Community Indicators for Your Community

Real, lasting community change is built around knowing where you are, where you want to be, and whether your efforts are making a difference. Indicators are a necessary ingredient for sustainable change. And the process of selecting community indicators -- who chooses, how they choose, what they choose -- is as important as the data you select.

This is an archive of thoughts I had about indicators and the community indicators movement. Some of the thinking is outdated, and many of the links may have broken over time.

Saturday, September 29, 2007

New Data on Networks

I have to pass on one more item from Harvard's Social Science Statistics Blog. The article -- "How Do You Get 7,000,000 Cell Phone Records?" -- discussed this presentation by David Lazer.


We've been talking about big numbers and new data sources and using traditional data in new ways and even using cell phones as data sources, but this goes way beyond.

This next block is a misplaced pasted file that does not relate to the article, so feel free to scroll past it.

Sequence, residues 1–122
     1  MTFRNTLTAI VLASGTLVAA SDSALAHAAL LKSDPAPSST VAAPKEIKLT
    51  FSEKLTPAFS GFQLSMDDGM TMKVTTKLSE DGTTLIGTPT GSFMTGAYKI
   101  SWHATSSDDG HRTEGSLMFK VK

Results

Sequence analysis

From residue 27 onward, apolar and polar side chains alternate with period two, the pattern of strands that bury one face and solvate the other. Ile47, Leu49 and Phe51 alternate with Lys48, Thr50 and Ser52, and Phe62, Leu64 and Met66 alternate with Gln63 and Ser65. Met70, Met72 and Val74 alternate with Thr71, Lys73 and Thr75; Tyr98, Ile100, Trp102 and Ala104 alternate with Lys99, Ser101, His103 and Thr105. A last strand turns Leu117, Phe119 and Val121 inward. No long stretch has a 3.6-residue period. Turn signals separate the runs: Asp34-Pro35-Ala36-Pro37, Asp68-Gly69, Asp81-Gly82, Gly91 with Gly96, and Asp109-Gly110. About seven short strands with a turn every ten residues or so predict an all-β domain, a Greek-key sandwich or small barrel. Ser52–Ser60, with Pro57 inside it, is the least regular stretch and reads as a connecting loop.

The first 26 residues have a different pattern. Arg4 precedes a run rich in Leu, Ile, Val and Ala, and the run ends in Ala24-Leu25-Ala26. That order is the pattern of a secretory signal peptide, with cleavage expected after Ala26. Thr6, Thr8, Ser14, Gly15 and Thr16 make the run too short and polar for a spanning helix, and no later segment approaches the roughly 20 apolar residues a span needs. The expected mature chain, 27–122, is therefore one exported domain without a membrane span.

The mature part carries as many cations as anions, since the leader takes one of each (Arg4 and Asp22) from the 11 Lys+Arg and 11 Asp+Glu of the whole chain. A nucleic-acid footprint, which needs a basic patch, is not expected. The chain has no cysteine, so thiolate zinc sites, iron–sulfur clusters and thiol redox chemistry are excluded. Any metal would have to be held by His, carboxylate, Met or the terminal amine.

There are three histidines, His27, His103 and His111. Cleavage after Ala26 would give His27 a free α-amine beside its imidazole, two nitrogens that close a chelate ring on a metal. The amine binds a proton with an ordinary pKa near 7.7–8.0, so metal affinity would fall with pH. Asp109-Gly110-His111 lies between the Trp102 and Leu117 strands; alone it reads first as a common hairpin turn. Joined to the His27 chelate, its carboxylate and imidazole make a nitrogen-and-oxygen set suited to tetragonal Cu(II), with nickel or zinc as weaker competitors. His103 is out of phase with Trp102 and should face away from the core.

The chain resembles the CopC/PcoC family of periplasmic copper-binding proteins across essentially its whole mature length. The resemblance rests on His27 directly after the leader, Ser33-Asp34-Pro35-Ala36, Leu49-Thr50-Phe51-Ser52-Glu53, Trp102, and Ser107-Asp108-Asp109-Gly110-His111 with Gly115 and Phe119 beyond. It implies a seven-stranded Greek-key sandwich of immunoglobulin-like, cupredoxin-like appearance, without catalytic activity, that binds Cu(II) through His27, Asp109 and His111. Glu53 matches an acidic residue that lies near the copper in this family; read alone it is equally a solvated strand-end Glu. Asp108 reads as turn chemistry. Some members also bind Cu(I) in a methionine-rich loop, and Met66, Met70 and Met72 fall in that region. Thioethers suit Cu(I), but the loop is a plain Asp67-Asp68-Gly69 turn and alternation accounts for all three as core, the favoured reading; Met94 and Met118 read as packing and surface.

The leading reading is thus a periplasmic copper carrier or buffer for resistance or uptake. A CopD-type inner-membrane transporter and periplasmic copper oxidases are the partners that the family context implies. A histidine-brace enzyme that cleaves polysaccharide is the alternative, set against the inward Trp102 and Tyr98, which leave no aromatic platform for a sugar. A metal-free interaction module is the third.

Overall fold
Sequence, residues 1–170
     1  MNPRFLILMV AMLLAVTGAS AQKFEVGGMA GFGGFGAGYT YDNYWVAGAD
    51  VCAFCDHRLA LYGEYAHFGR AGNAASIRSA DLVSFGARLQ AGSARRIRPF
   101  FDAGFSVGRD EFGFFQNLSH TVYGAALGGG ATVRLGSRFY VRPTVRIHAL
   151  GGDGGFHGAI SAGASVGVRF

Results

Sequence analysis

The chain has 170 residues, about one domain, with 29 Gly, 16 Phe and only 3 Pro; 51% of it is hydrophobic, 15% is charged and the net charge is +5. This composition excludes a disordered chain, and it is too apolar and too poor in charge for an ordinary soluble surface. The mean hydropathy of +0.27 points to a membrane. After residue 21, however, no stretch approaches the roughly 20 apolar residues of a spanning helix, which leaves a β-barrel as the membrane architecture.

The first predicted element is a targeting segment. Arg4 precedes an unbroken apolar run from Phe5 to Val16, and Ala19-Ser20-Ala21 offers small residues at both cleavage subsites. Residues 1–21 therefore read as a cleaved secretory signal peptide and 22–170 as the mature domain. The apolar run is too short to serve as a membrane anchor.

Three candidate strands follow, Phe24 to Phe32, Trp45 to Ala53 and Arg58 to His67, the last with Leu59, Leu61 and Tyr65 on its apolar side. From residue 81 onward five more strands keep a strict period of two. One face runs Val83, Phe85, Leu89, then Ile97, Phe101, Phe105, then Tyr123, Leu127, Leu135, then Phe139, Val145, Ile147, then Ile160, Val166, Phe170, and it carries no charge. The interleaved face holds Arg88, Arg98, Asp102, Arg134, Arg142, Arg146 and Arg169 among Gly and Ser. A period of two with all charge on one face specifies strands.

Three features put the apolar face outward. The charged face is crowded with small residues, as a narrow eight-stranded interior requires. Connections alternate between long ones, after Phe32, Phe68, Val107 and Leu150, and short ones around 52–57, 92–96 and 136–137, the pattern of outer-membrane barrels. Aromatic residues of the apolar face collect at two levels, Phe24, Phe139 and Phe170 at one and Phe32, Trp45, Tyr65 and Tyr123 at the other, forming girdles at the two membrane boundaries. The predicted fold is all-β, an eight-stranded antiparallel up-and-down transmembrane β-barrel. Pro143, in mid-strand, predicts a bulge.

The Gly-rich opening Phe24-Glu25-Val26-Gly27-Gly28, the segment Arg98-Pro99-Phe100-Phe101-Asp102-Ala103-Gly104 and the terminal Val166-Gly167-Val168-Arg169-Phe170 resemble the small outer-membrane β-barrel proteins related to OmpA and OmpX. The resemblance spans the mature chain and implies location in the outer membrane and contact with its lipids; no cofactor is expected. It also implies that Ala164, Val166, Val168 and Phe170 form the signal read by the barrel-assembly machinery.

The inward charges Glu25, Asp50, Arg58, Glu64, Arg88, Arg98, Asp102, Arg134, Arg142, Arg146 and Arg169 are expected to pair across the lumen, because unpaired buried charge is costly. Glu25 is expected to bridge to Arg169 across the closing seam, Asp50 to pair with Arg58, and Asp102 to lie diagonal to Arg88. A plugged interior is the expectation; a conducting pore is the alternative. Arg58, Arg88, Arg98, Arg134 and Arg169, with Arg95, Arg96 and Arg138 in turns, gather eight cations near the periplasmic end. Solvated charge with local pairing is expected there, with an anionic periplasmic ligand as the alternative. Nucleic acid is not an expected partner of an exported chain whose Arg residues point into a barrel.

Beyond beyond.

How about using the records of 7,000,000 cell phone users (including 49 trillion conversations!) to map social networks? What if you then followed up that work by tracking (participating) students for a month, paying attention to both phone conversations and physical proximity -- and used that data as a predictor of friendship patterns? What if you took that research next to Washington?

Amazing information that you need to check out, if only to put our community work and local indicator projects in context with the possible.


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